I arrived one evening last June to find Jacquie in the garden, potting up some plants. She was dressed in rough garden clothes, her silver hair tucked up under a baseball cap.
Barking and circling my legs on sentry duty was her tiny, but mighty dog named Valentine.
Jacquie and Valentine
Valentine gives me a watchful eye
Often, when I photograph a garden, the nervous homeowner will follow me around the property, fidgeting and pulling at the odd weed apologetically. I understand. It's hard having a camera lens pointed at such a personal and private a space and not feel a little self-conscious. The irony is: I never see the weeds! I am there to discover what is special and unique about a garden. There is always something beautiful to be found, if you are observant enough to see it.
Jacquie, on the other hand, wasn't the slightest bit uncomfortable about having her garden photographed. She continued to work away on her potting and left me on my own, free to explore and take pictures to my heart's content.
And if it was beauty I was seeking, it was beauty I found.
Jacquie's garden is in Dartmouth, Nova Scotia on one of the hills that rolls up and away from the Halifax harbour.
The home's front is level with the street, but the backyard falls away from the house in a long, gradual slope. A walkway, deck and set of wooden steps takes you from house's main floor down to the small terrace that you see in these next photographs.
Two perennials with interesting color:
Fleeceflower, Persicaria microcephala 'Red Dragon': is a foliage plant with purplish-maroon colored leaves a silver v-shaped marking. In colder areas, this plant will require some winter protection. Full sun or light shade. Average garden soil is fine, but it likes conditions to be on the moist side. Height: 60-90 cm (23-35 inches), Spread: 60-90 cm (23-35 inches). USDA Zones 6-9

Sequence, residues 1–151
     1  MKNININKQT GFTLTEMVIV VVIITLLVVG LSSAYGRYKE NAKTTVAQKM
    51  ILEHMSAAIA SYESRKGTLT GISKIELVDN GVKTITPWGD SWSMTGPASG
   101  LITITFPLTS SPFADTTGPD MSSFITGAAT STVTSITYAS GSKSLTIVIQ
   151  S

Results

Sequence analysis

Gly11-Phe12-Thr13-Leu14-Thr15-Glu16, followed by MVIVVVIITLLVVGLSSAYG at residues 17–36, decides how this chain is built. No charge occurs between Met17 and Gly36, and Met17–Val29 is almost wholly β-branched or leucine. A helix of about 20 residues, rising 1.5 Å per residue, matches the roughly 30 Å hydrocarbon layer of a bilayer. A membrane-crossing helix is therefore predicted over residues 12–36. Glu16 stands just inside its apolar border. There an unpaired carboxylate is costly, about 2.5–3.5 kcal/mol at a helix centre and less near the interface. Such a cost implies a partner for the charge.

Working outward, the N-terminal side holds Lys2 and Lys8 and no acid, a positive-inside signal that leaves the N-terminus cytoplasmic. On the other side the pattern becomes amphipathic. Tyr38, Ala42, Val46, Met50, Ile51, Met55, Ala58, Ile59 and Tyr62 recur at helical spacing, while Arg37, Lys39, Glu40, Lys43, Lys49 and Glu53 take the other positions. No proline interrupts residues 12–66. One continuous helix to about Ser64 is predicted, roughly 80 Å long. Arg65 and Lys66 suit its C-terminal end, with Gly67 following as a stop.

Euphorbia griffithii 'Fireglow': forms a bushy, upright mound of foliage with the bonus of fiery orange bracts in early summer. This is supposedly one of the most reliable Euphorbias for Northern garden zones. Note: The milky sap of this plant is irritating to skin, so wear gloves when pruning it. Full sun. Average garden soil should be fine, but this Euphorbia prefers the soil to be on the moist side. Height: 60-90 cm (23-35 inches), Spread: 60-75 cm ( 23-29 inches). USDA Zones: 4-9.
A pleasing mix of green textures and shapes. The pale pink groundcover in the foreground is Saxifraga. In front of the Saxifraga on the left is Ornamental Sorrel, Rumex sanguineus var. sanguineus.
Saxifraga: has rosettes of evergreen leaves and sprays of flowers carried in spring. This plant likes light shade and somewhat moist soil with good drainage. Height: 15-25 cm (6-10 inches), Spread: 25-30 cm (10-12 inches) USDA Zones 3-9.
Ornamental Sorrel, Rumex sanguineus var. sanguineus: is a foliage plant that forms a clump of spinach-like leaves. The leaves have interesting maroon colored veining. This plant does get greenish flowers in summer, but they aren't particularly pretty. To rejuvenate the foliage, clip it back after the plant blooms. Clay soil and moist conditions are its preferances. Full sun or light shade. Height: 20-30 cm (8-12 inches), Spread: 20-30 cm (8-12 inches). USDA Zones: 4-9.
Geranium 'Rozanne' with Spanish Bluebells in the distance.
Geranium 'Rozanne': is hands down one of the best Cranesbill Geraniums and blooms for an extended period of time. Height: 30-50 cm, Spread: 45-60 cm. Full sun to part shade. Normal, sandy or clay soil are fine. Average to moist soil. USDA Zones: 4-9.
Cushion Spurge, Euphorbia Polychroma in the center bottom of the picture. The spotted leaf to the left is Pulmonaria. The tall yellow daisy is Doronicum orientale.
Cushion Spurge, Euphorbia Polychroma: prefers full sun and somewhat dry conditions. Normal or sandy soil are best. Cut Euphorbia Polychroma back in early summer to keep it neat and compact, but be careful to wear garden gloves as the milky-white sap the plant extrudes can be irritating to skin. Height: 30-45 cm (12-18 inches), Spread: 45-60 cm (18-23 inches). USDA Zones: 3-9.